Holy, Holy, Holy by Sufjan Stevens- “Holy, Holy, Holy” is a Carole you can really shake the rafters and although Stevens does not go that way, he does go bigger than on a lot of his Christmas offerings and I appreciate that.
Hearing “Holy” in this form reminded me how much of the song’s lyrics I completely forget every year at the end of the holiday season. For instance, I never remember the line “God in three persons” that shows up multiple times.
Baby, It’s Cold Outside by She & Him- I like the gender swap here. I wonder if, given some of the lines in the song that have struck people as a bit…problematic in nature (“What’s in this drink?” for instance), the change in parts defuses those concerns.
But that’s more of a passing “hmm” that anything. What really grabs me is how damn fast they are here. Especially since so many of the songs so far have slowed down or kept the slow speed of the carole they’re singing, a sped version is a nice change of pace.
Silent Night by Sufjan Stevens- It’s hard (near impossible?) to do “Silent Night” wrong if you have good voices delivering it in an appropriately hushed tone. I think I might have actually gone a little more hushed than what Stevens did here, but I really like the musical composition behind the voices which more than balances out my feelings about the bigger than necessary voices.
Skating by Vince Guaraldi- Again, divorced from the source material, this does not feel particularly Christmas-y. It is a rather fun instrumental piece though that boasts a surprising number of musical motifs for being under three minutes.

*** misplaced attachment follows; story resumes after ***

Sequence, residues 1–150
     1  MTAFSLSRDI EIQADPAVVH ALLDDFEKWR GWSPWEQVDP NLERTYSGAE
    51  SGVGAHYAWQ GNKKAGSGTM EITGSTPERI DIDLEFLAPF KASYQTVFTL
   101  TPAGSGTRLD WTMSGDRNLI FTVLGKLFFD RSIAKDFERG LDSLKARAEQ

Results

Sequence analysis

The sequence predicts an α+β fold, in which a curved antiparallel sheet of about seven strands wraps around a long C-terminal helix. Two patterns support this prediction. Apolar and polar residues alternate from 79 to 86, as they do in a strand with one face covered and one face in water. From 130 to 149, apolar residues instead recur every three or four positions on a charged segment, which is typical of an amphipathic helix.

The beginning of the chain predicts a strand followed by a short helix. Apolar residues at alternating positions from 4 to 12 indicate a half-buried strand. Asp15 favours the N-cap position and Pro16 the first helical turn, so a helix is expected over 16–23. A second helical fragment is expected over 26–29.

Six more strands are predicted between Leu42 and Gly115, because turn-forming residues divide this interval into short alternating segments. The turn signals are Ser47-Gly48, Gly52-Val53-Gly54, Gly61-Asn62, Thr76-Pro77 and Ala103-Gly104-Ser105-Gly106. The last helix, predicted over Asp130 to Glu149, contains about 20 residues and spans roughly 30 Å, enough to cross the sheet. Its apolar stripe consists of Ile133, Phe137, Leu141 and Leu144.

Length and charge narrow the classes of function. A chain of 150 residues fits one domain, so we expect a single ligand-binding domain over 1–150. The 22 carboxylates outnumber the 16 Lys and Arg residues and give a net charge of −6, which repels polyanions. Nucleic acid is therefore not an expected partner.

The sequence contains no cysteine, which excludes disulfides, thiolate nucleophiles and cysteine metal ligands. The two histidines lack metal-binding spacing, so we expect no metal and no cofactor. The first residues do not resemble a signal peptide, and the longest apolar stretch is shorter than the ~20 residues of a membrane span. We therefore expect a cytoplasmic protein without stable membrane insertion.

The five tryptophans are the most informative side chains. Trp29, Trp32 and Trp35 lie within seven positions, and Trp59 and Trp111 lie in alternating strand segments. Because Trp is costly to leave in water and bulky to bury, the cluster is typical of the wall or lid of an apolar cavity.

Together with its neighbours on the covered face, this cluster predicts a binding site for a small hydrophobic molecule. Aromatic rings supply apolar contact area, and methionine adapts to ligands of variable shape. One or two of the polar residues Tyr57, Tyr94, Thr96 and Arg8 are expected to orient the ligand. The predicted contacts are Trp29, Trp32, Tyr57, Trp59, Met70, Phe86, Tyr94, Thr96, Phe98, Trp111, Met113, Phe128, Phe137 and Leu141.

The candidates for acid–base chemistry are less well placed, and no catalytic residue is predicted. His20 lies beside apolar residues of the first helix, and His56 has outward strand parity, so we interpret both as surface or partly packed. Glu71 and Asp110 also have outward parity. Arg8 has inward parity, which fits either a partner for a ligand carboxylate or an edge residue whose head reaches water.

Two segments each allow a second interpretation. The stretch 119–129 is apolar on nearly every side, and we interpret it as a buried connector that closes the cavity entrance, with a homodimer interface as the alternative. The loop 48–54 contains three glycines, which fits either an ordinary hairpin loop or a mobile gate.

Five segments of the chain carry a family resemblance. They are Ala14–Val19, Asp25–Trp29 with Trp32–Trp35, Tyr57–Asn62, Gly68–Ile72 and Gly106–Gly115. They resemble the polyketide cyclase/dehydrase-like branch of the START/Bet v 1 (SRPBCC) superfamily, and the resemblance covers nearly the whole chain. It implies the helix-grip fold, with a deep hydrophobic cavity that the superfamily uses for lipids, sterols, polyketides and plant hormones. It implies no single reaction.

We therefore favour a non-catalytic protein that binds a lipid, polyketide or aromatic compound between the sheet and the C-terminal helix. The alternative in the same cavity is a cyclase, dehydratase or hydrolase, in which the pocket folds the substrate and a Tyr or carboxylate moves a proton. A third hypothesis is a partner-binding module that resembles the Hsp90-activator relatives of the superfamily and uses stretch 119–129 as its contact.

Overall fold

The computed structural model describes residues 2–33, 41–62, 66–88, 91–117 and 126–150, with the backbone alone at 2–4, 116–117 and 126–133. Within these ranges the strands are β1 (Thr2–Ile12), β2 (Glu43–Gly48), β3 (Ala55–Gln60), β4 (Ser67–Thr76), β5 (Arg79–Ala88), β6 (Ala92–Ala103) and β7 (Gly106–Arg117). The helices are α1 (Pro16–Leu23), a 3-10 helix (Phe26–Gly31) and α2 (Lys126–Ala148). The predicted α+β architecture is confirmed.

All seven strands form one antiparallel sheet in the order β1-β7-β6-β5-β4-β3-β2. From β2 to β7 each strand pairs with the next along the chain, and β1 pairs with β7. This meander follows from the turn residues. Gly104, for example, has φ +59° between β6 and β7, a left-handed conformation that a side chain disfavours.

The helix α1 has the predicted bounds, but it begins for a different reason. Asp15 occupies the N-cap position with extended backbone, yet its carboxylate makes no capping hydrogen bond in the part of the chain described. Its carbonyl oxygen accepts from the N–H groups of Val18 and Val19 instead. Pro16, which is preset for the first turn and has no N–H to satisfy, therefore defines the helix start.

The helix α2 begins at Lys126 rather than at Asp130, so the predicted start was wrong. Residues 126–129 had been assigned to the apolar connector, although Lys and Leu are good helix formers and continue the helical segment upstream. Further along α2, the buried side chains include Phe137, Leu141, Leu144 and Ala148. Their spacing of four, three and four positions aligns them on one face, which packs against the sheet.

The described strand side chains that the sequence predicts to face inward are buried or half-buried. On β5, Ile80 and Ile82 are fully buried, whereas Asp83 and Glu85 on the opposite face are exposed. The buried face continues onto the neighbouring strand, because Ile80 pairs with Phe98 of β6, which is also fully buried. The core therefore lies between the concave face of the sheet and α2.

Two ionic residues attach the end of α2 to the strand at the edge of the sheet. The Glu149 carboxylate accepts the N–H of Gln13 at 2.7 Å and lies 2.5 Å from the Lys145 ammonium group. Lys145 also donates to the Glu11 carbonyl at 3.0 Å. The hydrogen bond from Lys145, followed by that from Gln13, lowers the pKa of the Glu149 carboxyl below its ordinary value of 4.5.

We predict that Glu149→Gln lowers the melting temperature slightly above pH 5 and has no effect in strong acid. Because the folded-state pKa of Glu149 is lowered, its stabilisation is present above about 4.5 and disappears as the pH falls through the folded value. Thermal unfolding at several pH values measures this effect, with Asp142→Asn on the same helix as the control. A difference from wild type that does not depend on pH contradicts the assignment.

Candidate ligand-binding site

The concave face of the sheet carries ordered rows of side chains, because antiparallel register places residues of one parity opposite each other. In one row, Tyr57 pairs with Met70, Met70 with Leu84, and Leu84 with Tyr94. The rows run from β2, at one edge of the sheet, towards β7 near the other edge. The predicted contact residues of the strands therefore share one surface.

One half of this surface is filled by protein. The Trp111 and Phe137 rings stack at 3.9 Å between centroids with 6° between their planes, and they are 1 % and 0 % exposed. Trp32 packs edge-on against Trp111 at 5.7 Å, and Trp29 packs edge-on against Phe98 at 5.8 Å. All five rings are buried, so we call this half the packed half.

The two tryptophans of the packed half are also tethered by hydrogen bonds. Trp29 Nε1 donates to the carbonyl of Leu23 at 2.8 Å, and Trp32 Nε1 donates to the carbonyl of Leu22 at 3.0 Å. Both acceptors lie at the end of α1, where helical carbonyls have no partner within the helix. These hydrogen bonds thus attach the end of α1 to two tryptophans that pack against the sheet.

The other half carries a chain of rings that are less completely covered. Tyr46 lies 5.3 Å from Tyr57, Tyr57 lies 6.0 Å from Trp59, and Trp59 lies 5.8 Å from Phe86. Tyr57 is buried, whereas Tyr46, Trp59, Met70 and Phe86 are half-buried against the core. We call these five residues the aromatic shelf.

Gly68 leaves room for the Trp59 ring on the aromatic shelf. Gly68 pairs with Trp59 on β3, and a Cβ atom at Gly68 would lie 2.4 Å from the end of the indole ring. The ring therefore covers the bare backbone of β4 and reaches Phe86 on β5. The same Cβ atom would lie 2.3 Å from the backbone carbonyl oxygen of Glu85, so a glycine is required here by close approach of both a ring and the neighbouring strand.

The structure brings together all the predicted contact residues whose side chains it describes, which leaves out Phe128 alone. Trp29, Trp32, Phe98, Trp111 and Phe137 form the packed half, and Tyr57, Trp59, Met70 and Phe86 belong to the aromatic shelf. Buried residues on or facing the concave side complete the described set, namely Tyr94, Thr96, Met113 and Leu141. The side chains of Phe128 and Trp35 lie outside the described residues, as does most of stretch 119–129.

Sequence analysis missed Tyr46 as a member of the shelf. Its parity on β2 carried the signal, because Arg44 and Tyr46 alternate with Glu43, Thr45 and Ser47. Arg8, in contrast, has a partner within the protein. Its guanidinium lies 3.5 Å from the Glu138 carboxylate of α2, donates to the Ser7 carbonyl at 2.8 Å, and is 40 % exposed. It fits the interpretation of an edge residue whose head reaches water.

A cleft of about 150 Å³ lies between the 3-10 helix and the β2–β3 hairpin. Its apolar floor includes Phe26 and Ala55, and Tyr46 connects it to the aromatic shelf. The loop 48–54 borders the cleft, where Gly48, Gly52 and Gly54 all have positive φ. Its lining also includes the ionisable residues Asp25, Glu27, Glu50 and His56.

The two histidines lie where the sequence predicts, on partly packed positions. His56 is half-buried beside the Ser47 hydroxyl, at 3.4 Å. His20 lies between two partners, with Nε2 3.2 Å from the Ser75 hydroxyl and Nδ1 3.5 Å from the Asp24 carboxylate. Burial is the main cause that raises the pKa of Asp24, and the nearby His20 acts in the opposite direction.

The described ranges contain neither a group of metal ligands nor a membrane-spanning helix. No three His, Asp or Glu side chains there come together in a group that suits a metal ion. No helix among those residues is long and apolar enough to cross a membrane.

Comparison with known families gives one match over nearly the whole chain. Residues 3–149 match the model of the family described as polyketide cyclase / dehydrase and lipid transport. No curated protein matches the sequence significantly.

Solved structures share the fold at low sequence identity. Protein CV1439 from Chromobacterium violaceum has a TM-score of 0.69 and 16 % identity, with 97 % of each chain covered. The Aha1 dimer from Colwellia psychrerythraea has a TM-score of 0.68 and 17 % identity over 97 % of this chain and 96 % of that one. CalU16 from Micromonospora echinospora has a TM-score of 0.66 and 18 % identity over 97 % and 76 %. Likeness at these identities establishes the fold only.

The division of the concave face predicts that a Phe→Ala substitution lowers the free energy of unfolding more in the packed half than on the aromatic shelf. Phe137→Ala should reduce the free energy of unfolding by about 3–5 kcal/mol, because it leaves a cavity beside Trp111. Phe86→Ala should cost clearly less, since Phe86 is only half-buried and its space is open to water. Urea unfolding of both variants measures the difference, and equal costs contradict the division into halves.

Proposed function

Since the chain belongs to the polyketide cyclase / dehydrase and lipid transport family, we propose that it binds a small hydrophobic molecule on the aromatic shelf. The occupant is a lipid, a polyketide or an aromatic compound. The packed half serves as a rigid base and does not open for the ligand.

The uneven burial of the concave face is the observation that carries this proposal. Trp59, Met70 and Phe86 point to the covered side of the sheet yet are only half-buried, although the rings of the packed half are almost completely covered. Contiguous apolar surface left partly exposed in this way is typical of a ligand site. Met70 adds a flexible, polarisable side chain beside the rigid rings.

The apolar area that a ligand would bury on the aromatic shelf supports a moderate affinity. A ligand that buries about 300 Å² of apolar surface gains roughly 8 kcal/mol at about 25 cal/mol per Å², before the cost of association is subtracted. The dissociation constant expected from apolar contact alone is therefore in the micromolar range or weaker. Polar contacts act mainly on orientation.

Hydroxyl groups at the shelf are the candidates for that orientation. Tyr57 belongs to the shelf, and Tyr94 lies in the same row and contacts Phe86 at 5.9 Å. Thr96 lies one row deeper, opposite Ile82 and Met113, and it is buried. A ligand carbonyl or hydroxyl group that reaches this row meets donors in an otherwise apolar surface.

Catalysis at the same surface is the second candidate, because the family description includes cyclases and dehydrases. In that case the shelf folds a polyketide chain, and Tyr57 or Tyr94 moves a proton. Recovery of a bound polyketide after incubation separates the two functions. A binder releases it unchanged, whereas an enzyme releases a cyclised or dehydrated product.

Sister Winter by Sufjan Stevens- A little racy (“When I kissed your ankle I kissed you all night”? Oh, really? And where exactly were you heading when you started at the ankle, hmm, sir?) which I recognize I am probably in the minority in liking when it comes to Christmas songs. I see no reason Christmas can’t be a touch sexy! I mean, have you seen some of those elf costumes? Daaaaaaaaaaamn!
But perhaps I’ve said too much.
However, despite my support of that little element and my overall enjoyment of it, I have to grade it low on the Yuletide Scale (patent pending). There’s references to winter and a brief verse that is literally three “Merry Christmases” strung together, but it never really seems to be a Christmas song as much as it is a song about a good relationship gone bad.
I will grant you that the difference between a Christmas song and a non-Christmas song that includes a Christmas reference is thin and very subjective, but what are reviews if not subjective.
In conclusion then, like the song, cannot sign off on it as a Christmas fav though.
Have Yourself a Merry Little Christmas by She & Him- Probably my favorite Christmas song of all time—I like a hopeful melancholy in my Christmas music because I think it is an accurate reflection of the mood of Christmas for many, if not most. Zoey D.’s rendition isn’t revelatory but she does the lyrics justice so I’m on-board.
Only at Christmas Time by Sufjan Stevens- What’s…what’s all this about destroying all? Otherwise a good non-traditional Christmas tune, but man, that’s odd.
Silver Bells by She & Him- For my entire life, I don’t think any song evoked New York City for me as much as this one. Maybe it’s because of the Rockefeller Tree lighting or the Rockettes or MIRACLE ON 34th STREET but whatever the reason, the song and the city are indelibly linked in my mind in a way that no other song, even those actually about NYC, seems to achieve.